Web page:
11. What's the best bargain you've ever found at a garage sale or junk shop?
A first edition, gold leaf copy of Elizabeth Barrett Browning poems. 25 cents.

12. Where were you on September 11, 2001?
At work. The fire guys have a tv in their office and I watched events unfold from there. One man, knowing I am from NY, quietly reached out and held my hand. When the first tower came down, I went home to start checking on family who live and work in Manhattan. All my family was safe but a close friend of ours lost her brother.

13. What's your favorite tree?
Hard to choose. We have a beautiful dogwood in the backyard that puts on quite a show of white flowers in June and then red berries in fall.

14. What's the most interesting biography you've read?
I really enjoyed John Adams: A Life.

15. What do you order when you eat Chinese food?
Some kind of garlic shrimp and fried rice.

16. What's the best costume you've ever worn?
My girls had a halloween, mystery dinner and I dressed (and served) as a butler.

17. What's your least favorite word?

18. If you had to be named after one of the 50 states, which would it be?
Maine. I’m kind of used to one syllable names.

19. Who's your favorite bear?
Winnie the Pooh and of course my youngest daughter who we always called Peachie Bear.

20. Describe something that's happened to you for which you have no explanation.
Threatened to be kicked out of church.

21. If you could travel anywhere in Africa, where would it be?
Egypt. I would love to see the pyramids.

22. What did you have for lunch yesterday?
Toast with humus and a pear. (Yep still on the diet)

23. Where do you go for advice?
Depends on the problem. Mostly my mom for family or household stuff. Friends for most everything else.

24. Which do you use more often, the dictionary or the thesaurus?
The dictionary.

25. Have you ever been snorkeling? Scuba diving?
Snorkeling, yes. Scuba diving, no.

Tuesday, August 17, 2010


When you look at me, am I incomplete?
Am I missing something everybody else can clearly see?
when you look at me...
- Sarah Bettens, Grey

Much of my therapy lately has centered around my ever growing awareness of being incomplete.

For many, many years I thought that people looking at my life would be envious. A have a very satisfying career, a long term relationship with a woman who loves me, two beautiful and accomplished daughters, a warm and loving home, great friends. I have it all.

Yet I have always known, somewhere deep down, that this is a house of cards - a very shaky structure that remains upright only by balance and friction. And once things are out of balance, the whole thing collapses.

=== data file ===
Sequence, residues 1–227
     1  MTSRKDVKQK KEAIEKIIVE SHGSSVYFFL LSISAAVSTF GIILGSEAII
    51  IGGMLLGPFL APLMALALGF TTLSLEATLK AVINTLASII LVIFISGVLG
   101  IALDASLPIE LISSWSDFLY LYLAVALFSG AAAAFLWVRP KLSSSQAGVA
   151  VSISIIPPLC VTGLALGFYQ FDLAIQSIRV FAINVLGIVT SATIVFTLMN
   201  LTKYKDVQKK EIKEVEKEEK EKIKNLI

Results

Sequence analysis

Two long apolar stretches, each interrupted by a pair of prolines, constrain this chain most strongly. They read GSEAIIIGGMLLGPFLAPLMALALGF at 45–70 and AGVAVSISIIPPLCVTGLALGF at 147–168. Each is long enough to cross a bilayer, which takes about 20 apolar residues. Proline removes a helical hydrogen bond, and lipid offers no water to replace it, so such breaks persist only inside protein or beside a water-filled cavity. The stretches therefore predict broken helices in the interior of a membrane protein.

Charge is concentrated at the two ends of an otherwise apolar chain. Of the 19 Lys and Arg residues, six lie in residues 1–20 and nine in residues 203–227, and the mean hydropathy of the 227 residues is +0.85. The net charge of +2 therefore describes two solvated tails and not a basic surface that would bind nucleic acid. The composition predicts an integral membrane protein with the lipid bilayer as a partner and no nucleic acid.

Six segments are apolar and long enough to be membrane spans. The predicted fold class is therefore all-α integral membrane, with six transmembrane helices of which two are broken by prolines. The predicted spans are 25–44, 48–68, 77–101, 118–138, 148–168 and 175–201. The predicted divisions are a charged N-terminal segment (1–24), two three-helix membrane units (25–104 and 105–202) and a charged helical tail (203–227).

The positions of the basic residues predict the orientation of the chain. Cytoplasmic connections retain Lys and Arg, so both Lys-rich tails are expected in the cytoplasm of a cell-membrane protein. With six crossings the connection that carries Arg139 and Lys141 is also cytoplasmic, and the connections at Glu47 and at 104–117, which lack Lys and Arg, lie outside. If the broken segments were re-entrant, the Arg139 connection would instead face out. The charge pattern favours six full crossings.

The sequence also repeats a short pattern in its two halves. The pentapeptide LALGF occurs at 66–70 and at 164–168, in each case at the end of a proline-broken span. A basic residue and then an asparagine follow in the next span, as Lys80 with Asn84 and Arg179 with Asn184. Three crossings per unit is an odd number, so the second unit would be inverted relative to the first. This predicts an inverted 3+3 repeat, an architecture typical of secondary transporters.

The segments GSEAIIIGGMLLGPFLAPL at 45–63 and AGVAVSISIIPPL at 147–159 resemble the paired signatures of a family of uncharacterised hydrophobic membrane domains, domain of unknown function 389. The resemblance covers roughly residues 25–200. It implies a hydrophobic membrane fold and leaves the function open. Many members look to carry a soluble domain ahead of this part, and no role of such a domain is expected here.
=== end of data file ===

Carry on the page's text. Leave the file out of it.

It was with this knowledge that I put myself back in therapy. I wanted my life to be built on a better foundation, one that could not be easily knocked down by one rape trigger, one insensitive comment, one memory, or any other external incident that would often throw me back into that hole or have debilitating effects on those who care most about me.

Using this analogy, my therapist assured me that we would take apart the structure and rebuild it, stronger and healthier. She did not give me any false illusions that it would be easy or without hazards. She told me we would have to break it all apart, painfully, look at each card, every memory, every response, determine whether it was worth keeping or can and should be discarded. Ugly and scarred cards that could not be discarded would have to find a way to fit in better, supported by beautiful and healthy cards. And when it was all back together, my life would be stronger and better able to withstand the assault of outside influences and my own destructive patterns.

I am now in the midst of the hardest therapy stuff I have ever encountered. Partly because my house, my self, all those parts that I have always clung to, have been scattered to the wind and I am desperately running around trying to pick them up (still wanting to cling to things even though I know some of them to be unhealthy). But mostly what is hard is the realization that things have been stolen from me that are necessary for a truly healthy foundation. Gone forever. Things I can’t even name, but I know they are missing. And no matter how many times I tear it down and try to build it back up, I will always be missing pieces that are essential.

I do not mean for this to be a morose post. It is not my mood or my intention at all. It is just me, grappling with a new revelation, a clearer understanding of my brokenness. For many, many years I have tried to convince myself that I was whole again. Now I see that I will never can or will be. And I am trying to come to terms with what that means for me.

When you look at me, am I incomplete?
Am I missing something everybody else can clearly see?
when you look at me...

Friday, August 13, 2010

Weekend Recap

I am just coming off a 5 day visit with the women of my family at our lake house. We have been doing this for the last 5 years and I think this was the best visit ever. I noticed some changes as we have all gotten older:

- Now that my daughters are older, their relationship with their older cousin has gotten closer. The three of them had their heads together most of the weekend, giggling, telling secrets, driving into town to do some shopping.

- I asked my niece to drop the “aunt” and just use my first name. She is now more of a friend than just my sister’s daughter. I like it.